Sunday, January 01, 2006

Acting and Writing

I decided today that I will try out for a local Shakespeare festival. The decision is not a New Year’s resolution of any kind; I chanced upon the festival’s web site last night and decided to give it a shot. I haven’t acted in some years, but I’ve wanted to get back into it.

I’ve always been something of a jack of all trades, ace at none, meaning that I’ve had a modest talent for a number of things -- music, drawing, writing and acting -- but have not focused on one area to master it. Of my talents, I was best at acting. (My BA is in Theatre Arts.) I just did not have the love for it to pursue acting as a career. Spending long days in front of a camera doing dog food commercials sounded boring to me. As competitive as acting is, if you can live with doing something else, then you probably should do something else. I really wanted to write plays.

I started writing with much less natural talent for it than for acting. For years I really sucked. I didn’t own a typewriter, but wrote these terrible plays in all capital letters in a three-ring notebook. (I wrote in caps because I was a huge comic book fan as a kid.) I failed and failed and failed, but was too stupid to realize I was a failure. Besides, I had fun failing. There is nothing in life as fulfilling as figuring out a plot. Thinking up a climax is almost as good as, well, another kind of climax.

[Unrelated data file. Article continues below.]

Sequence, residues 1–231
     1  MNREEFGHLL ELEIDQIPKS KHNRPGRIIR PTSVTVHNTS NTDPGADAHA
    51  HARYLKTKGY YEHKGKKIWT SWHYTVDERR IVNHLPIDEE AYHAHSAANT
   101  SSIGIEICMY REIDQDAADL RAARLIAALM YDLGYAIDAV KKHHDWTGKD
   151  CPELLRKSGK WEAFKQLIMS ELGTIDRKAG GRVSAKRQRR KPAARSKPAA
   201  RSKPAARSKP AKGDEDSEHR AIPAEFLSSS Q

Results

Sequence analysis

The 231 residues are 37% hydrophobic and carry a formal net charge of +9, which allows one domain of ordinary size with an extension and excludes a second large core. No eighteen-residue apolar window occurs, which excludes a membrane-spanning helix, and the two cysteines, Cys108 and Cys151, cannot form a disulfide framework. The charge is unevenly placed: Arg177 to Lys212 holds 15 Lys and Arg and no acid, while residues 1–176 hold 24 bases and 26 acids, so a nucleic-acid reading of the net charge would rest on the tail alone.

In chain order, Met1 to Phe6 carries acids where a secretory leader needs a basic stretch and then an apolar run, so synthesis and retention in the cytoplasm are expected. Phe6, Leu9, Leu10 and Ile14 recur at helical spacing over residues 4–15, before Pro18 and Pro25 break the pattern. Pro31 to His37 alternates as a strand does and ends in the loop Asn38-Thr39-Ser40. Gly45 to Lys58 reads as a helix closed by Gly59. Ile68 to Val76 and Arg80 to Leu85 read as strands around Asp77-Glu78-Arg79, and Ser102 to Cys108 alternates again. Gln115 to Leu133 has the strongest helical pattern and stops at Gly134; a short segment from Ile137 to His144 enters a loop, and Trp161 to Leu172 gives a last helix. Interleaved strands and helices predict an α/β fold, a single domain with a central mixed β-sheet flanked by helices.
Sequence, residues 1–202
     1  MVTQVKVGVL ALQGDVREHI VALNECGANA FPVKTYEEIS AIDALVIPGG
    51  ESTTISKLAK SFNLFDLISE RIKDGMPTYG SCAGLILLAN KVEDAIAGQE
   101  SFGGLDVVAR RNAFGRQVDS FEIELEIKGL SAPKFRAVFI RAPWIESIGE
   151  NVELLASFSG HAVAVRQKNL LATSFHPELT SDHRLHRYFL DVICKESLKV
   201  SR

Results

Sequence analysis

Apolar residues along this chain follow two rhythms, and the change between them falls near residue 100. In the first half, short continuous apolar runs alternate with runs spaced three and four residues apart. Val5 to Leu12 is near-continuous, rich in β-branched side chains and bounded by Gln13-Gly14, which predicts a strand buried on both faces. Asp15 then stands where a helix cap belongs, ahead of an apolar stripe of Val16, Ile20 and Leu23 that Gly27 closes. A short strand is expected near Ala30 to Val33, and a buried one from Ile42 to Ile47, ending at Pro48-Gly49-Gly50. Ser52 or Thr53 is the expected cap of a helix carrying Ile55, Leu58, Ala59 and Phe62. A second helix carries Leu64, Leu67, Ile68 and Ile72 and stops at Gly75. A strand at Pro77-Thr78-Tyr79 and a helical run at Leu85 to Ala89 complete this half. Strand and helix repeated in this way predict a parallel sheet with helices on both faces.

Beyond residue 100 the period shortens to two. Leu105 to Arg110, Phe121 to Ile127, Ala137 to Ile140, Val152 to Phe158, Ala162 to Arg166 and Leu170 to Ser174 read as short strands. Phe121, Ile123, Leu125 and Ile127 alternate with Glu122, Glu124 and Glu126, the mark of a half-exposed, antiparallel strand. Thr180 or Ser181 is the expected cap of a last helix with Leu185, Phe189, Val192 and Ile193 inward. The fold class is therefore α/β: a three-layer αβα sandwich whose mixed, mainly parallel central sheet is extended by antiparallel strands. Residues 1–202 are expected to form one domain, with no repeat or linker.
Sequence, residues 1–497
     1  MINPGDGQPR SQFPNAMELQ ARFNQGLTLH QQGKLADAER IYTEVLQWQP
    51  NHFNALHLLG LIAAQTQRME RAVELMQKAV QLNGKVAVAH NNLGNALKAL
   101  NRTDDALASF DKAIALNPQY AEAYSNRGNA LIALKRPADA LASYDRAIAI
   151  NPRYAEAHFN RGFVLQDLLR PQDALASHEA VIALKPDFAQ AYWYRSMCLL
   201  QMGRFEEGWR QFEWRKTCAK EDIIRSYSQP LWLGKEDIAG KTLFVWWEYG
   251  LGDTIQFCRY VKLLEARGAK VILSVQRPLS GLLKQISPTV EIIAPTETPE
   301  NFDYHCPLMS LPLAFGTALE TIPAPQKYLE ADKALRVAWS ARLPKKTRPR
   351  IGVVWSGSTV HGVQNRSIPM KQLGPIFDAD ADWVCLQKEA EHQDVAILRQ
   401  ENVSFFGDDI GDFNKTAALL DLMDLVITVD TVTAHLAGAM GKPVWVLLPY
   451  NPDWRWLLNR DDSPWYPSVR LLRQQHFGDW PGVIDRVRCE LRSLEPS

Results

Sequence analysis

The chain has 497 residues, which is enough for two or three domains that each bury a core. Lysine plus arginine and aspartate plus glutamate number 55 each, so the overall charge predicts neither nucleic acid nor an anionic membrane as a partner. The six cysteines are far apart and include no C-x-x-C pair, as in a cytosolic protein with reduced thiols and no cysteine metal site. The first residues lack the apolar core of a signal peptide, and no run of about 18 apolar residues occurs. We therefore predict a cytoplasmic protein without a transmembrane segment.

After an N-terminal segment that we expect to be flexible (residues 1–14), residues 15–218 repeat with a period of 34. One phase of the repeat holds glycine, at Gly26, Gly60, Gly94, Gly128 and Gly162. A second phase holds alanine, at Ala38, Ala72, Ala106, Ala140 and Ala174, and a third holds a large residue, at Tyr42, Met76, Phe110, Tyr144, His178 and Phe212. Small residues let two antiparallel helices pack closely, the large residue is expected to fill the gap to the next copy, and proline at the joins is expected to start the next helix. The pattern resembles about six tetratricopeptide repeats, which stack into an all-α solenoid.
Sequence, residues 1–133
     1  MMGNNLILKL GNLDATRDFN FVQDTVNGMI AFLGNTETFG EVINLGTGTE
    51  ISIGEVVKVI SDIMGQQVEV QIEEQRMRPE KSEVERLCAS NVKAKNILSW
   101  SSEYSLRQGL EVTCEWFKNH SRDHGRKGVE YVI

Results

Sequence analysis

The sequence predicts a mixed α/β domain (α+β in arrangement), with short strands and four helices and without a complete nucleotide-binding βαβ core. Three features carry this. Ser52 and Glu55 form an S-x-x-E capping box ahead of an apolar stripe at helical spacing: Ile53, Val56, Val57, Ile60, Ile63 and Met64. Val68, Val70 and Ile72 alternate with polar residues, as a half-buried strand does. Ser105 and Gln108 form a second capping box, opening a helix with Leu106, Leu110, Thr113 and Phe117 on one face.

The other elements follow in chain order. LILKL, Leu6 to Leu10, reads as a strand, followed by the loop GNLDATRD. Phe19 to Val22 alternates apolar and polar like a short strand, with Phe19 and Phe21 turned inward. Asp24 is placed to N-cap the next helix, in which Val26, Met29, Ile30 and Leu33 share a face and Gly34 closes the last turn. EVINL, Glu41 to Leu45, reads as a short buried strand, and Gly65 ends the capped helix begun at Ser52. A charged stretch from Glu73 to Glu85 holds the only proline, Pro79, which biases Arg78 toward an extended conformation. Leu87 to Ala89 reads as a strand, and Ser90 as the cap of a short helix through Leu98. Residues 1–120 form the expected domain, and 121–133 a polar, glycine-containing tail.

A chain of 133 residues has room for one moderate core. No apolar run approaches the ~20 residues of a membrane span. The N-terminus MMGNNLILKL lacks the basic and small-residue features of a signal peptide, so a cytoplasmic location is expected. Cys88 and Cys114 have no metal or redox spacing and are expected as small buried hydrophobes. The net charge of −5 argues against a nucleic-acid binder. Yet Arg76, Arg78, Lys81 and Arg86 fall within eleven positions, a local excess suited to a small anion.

I kept plugging away and achieved mediocrity. Lately I would say my writing is getting better. It’s professional, but not yet great. I’ve sold comedy bits to radio morning shows. I’ve had interest from a producer in a screenplay, but have yet to sell one. I have an agent of dubious worth. I’m not giving up. I think I’m on the verge of breaking through and writing something people will actually want to pay money for.

Still, acting calls me. The main reason I want to get back on the stage is that now, after all these years, I understand those Stanislavskian methods my teachers tried to get through my thick skull when I was a lad. I read lines I acted 25 years ago and find values I completely missed at the time. Back then I laid on a shallow, preconceived idea of how a character should be, instead of letting the character arise naturally from the inside. My acting had a generalized quality then. I can do better now. I want to take it to a new level. (Is the spiral theory of knowledge applicable here?)

The auditions are in mid-February. Whether I get cast or not, you can rest assured that I will deliver a full report of my experience on this blog. I’ll find something interesting to say. What this means for the blog in the long run is uncertain. I love having a place to blow off steam about the crisis of the day. Between my job and rehearsals (if I get cast) I might not have much time to blog.

I might as well make this a New Year’s resolution. This year I will return to an old challenge that I have not faced in many years, a challenge that is so old it is new.


Jennifer Snow said...

Fantastic! I'm always telling my friends that if they loved whatever art thing they used to do (play French horn, ice skate, paint) they would be doing themselves a favor to get back into it in any capacity.

Good for you!

And your writing does NOT suck.

Myrhaf said...

Thanks for the encouragement. Of course, blog writing is easier than fiction writing.

Jennifer Snow said...

Hah. Says you.